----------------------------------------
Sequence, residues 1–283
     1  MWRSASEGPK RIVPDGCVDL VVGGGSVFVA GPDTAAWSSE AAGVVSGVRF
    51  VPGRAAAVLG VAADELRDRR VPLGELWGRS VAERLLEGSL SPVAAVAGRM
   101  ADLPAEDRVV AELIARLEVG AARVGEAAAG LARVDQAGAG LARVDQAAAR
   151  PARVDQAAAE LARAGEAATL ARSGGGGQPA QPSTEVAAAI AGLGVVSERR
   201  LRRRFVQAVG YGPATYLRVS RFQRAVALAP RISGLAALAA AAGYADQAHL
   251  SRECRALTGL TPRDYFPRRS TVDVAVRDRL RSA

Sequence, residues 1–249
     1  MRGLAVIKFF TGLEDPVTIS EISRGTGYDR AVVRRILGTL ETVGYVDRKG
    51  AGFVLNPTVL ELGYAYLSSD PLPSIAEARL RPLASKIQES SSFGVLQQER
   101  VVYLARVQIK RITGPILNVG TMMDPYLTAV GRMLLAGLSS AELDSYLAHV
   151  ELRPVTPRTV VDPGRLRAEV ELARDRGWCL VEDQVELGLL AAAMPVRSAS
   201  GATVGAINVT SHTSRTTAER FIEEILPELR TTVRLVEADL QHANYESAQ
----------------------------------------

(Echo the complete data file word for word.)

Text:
Sequence, residues 1–283
     1  MWRSASEGPK RIVPDGCVDL VVGGGSVFVA GPDTAAWSSE AAGVVSGVRF
    51  VPGRAAAVLG VAADELRDRR VPLGELWGRS VAERLLEGSL SPVAAVAGRM
   101  ADLPAEDRVV AELIARLEVG AARVGEAAAG LARVDQAGAG LARVDQAAAR
   151  PARVDQAAAE LARAGEAATL ARSGGGGQPA QPSTEVAAAI AGLGVVSERR
   201  LRRRFVQAVG YGPATYLRVS RFQRAVALAP RISGLAALAA AAGYADQAHL
   251  SRECRALTGL TPRDYFPRRS TVDVAVRDRL RSA

Sequence, residues 1–249
     1  MRGLAVIKFF TGLEDPVTIS EISRGTGYDR AVVRRILGTL ETVGYVDRKG
    51  AGFVLNPTVL ELGYAYLSSD PLPSIAEARL RPLASKIQES SSFGVLQQER
   101  VVYLARVQIK RITGPILNVG TMMDPYLTAV GRMLLAGLSS AELDSYLAHV
   151  ELRPVTPRTV VDPGRLRAEV ELARDRGWCL VEDQVELGLL AAAMPVRSAS
   201  GATVGAINVT SHTSRTTAER FIEEILPELR TTVRLVEADL QHANYESAQ